Drumming to a different beat
One of the most charming events hosted by Bravo! is the educational programs, now in its third year collaboration with the local library system. Several times during the course of the summer, distinguished members of visiting orchestras conduct interactive performances for children.This past Tuesday afternoon, one such event was held at the Gypsum Library with about 60 children in attendance, ranging in ages from 3 to 10 years, with a few pre-teens thrown in for good measure. The majority of the kids sat crossed-legged on the floor in rapt attention. Adults, both library staff and parents, were also in the audience.Joe Pierera, percussionist for the New York Philharmonic for the past seven years, exposed the audience to several instruments that make up the percussion section.
Pierera described each instrument, teaching the group what to listen for and coaxing a range of sounds from the instruments. He also provided the children with the opportunity to touch, hear and even play exotic drums, such as the Middle Eastern Dumbeck, Brazilian Sundro and a Brazilian tambourine – the Pandeiro.Pierera’s delight and love of music undoubtedly brought new found appreciation to the assembled kids. Pierera teaches back home in New York to a private clientele, and the Live! at the Library series is one way for him to give back to the world part of the gift he has been given. Obviously thrilled to be here, he said, “It has been a great experience for me. I hope to come back next year.”Watching up close was a treat, as Pierera’s hands flew over the surface of the drum, his fingers, palms and hands blurred, coaxing different rhythms from the instrument.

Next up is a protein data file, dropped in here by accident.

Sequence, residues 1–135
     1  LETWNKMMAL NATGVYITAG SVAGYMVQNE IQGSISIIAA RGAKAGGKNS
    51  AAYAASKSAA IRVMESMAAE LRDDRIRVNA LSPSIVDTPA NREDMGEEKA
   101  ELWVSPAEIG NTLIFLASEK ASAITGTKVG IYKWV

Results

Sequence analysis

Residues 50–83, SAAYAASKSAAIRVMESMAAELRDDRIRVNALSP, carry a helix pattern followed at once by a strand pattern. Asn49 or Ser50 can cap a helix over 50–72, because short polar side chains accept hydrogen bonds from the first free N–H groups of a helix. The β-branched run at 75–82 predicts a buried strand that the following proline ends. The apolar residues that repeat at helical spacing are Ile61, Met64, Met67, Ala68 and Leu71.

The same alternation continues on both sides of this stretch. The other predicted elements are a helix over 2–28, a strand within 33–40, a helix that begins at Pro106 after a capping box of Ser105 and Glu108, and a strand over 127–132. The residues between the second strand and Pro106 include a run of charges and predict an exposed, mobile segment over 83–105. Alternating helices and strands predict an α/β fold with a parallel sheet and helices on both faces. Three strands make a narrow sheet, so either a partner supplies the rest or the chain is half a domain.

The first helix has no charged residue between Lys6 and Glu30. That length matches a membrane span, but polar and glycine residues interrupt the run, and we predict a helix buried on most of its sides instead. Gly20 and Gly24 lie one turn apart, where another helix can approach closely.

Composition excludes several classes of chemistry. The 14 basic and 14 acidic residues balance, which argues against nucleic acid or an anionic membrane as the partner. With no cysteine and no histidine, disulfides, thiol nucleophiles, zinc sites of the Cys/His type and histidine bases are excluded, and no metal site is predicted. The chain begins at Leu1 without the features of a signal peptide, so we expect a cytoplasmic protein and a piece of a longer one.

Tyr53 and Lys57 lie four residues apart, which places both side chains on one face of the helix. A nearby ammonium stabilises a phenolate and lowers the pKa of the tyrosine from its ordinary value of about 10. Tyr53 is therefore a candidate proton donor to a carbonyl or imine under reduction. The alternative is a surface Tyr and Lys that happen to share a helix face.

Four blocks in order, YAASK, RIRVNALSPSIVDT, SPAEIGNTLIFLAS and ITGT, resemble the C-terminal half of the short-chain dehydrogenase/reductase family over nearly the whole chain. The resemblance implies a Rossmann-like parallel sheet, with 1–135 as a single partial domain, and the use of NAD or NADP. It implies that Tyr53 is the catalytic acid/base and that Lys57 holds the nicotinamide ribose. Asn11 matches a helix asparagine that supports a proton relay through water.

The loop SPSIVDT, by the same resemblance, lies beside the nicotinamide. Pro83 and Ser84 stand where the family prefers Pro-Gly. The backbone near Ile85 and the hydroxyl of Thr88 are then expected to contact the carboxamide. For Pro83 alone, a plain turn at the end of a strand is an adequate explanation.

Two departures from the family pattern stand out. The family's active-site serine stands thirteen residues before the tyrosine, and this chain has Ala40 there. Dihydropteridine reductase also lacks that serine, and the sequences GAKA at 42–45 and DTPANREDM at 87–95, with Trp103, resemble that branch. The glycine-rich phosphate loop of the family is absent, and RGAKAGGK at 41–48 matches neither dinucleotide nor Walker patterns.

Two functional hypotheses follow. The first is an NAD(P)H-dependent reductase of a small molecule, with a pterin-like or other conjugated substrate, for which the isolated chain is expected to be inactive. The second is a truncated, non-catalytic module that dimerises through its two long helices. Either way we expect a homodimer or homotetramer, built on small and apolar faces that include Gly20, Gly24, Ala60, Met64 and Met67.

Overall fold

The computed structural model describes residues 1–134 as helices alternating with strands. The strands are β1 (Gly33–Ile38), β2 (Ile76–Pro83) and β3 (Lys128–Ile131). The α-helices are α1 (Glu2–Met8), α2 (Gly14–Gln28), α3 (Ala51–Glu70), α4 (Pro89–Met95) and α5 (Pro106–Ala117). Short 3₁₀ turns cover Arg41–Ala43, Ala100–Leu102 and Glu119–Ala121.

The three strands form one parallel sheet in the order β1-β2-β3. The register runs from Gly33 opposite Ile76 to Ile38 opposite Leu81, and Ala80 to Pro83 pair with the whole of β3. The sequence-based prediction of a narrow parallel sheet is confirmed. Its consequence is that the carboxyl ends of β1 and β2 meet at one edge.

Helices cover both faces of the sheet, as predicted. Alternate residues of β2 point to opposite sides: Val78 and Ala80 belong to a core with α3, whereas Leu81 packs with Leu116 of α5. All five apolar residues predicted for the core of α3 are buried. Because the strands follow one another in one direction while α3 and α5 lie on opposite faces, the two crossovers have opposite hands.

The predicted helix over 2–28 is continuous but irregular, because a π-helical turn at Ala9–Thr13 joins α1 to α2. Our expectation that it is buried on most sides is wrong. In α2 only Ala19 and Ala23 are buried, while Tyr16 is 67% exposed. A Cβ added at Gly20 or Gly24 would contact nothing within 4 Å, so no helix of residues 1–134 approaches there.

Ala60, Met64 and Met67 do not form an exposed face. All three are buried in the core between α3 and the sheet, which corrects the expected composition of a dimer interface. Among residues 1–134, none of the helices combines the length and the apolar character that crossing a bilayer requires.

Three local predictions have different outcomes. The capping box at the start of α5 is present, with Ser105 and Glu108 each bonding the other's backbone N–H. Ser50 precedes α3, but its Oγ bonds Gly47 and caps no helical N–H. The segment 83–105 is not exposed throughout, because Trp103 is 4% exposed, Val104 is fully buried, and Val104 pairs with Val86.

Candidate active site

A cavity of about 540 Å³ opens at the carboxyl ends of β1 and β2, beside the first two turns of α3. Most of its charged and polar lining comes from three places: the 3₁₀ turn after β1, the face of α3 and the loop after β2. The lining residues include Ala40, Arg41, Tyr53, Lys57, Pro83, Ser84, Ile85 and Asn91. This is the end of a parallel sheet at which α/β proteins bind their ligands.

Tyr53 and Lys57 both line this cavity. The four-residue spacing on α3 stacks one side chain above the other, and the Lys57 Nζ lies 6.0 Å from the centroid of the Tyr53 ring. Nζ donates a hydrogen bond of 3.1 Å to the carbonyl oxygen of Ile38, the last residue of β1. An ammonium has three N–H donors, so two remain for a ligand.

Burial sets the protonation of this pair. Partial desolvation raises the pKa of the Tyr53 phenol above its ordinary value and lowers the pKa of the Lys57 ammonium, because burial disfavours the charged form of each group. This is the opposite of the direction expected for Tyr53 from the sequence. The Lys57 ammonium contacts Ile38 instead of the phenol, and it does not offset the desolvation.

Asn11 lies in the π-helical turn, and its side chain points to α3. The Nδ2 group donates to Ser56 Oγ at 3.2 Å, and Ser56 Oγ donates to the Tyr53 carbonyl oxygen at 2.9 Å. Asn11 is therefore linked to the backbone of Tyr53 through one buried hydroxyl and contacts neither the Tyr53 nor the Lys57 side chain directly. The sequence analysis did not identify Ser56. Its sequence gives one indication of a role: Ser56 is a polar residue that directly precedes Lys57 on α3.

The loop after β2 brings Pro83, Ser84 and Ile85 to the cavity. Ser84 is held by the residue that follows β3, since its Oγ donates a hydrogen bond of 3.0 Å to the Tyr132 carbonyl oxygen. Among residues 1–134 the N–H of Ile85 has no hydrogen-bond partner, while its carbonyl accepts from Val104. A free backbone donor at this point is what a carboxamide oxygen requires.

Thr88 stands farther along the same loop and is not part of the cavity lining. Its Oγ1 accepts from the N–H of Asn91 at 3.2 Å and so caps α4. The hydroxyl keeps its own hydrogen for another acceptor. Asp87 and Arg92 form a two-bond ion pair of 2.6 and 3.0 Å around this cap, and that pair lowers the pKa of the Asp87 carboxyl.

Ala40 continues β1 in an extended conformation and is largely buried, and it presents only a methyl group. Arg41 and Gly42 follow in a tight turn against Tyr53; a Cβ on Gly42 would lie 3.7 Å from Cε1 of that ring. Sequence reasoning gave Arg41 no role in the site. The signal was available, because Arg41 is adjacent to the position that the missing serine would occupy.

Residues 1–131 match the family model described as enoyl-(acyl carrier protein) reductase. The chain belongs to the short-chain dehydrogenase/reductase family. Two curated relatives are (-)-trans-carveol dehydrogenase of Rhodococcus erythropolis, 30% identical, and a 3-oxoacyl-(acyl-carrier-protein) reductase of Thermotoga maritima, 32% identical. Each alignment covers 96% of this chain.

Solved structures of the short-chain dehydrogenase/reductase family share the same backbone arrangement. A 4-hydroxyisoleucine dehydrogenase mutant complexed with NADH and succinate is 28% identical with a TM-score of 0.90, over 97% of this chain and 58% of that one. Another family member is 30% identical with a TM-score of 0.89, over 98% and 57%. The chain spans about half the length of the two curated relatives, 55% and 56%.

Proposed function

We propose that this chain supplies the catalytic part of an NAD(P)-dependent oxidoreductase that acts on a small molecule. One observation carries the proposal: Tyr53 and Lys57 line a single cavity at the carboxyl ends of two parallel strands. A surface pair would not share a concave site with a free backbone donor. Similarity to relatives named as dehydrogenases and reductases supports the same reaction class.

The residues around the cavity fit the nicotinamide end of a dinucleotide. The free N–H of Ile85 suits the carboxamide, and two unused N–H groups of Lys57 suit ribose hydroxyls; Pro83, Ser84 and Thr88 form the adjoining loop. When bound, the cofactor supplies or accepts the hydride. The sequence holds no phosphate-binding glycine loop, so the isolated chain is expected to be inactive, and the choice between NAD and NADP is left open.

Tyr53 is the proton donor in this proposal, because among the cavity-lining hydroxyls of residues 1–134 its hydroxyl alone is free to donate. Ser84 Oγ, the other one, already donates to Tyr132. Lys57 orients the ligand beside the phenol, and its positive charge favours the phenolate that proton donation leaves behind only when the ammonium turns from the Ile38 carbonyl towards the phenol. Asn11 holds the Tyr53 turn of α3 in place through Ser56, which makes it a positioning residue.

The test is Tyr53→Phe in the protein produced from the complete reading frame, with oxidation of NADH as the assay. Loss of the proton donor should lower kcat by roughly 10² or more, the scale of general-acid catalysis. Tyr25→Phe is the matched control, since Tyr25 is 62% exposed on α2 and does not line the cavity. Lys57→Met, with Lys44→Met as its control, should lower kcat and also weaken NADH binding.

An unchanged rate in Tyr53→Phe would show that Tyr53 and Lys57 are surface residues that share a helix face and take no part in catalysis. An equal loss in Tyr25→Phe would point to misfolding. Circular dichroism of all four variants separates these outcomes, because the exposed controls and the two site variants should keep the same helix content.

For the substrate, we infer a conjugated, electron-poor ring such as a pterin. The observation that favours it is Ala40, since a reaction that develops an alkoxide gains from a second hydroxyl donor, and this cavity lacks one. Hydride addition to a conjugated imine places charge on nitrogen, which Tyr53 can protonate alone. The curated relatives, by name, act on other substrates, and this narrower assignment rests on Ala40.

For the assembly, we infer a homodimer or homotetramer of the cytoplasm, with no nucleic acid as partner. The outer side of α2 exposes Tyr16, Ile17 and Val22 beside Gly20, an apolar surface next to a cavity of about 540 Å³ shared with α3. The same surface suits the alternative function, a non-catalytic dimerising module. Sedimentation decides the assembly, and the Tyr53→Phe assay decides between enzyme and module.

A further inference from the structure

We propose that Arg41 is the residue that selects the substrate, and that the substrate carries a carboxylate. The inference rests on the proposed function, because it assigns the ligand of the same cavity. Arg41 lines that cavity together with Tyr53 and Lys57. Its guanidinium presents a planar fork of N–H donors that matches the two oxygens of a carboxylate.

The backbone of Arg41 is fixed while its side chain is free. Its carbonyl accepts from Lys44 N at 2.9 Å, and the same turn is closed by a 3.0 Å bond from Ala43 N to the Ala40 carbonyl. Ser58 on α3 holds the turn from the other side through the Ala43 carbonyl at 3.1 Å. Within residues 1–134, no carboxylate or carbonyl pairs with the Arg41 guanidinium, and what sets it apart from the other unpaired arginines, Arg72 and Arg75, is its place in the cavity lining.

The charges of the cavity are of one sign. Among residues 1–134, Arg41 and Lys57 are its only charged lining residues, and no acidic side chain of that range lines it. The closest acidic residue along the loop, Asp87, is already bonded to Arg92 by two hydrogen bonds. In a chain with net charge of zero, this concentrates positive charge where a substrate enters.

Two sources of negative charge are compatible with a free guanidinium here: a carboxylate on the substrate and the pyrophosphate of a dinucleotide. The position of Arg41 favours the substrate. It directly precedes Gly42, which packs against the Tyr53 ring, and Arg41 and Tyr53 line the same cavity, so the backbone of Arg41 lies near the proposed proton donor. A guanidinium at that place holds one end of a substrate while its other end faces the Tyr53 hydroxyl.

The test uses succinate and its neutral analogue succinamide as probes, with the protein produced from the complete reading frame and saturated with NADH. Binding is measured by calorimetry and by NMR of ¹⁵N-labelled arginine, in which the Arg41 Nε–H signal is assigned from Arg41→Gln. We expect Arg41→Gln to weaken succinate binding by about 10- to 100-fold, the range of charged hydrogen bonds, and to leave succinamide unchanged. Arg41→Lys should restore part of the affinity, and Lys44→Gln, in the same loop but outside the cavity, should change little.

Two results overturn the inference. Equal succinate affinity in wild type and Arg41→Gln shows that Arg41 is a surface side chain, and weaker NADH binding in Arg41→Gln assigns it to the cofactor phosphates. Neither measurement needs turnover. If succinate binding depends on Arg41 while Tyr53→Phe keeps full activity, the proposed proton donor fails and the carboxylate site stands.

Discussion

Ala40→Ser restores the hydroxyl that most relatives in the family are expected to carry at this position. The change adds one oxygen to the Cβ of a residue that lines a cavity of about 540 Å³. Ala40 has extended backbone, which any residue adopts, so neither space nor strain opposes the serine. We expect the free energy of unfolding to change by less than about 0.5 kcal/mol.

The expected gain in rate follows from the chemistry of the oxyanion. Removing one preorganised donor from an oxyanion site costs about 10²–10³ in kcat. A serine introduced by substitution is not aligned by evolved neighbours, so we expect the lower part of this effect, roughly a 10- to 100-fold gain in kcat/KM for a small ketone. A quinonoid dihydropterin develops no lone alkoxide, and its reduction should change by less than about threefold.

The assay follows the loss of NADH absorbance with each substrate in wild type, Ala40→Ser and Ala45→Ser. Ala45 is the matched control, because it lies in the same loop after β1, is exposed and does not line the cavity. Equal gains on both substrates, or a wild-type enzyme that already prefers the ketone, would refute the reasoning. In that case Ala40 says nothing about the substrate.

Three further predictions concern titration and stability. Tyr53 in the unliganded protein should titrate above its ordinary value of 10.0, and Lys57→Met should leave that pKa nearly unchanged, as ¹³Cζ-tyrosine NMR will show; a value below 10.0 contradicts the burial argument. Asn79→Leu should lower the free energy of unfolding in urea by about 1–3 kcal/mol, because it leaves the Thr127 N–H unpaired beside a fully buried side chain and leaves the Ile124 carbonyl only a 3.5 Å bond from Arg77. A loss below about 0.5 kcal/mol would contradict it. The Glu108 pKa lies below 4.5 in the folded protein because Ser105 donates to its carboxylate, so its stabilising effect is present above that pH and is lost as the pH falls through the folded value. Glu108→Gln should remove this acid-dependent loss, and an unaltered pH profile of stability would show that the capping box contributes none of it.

And getting audience participation was only a matter of selecting a few hands that were waving frantically to be called upon. Just about everyone who wanted a chance to play was allowed to.Pierera would first describe the “pattern” or “color,” as he referred to a particular rhythm, and then demonstrate loud and soft techniques, before asking the young percussionists to try their hands at it. “Listen, memorize and play what you hear,” Pierera said. And the beat, rhythm and sounds came back with enthusiasm and resonance.For those in the audience who were not playing an instrument, which was either a drum, tambourine, maraca or some other implement selected because it was small enough to fit tiny hands, were asked to clap along. At one point the beating of the drums became reminiscent of old “Tarzan” jungle movies.
In some instances, asking the name of some of the kids, he would have everyone repeat the name to the rhythm and create music out of the word.The next Live! at the Library is scheduled Thursday at the Avon Public Library and Friday at the Minturn Public Library with New York Philharmonic bass player John Deak.Stew Mosberg is a freelance writer and the author of two books on design. Often finding himself beating a different drum, he can be reached at WrtrF@aol.com
Reconstruction work that was initially slated for completion in 2018 should be done by October 2019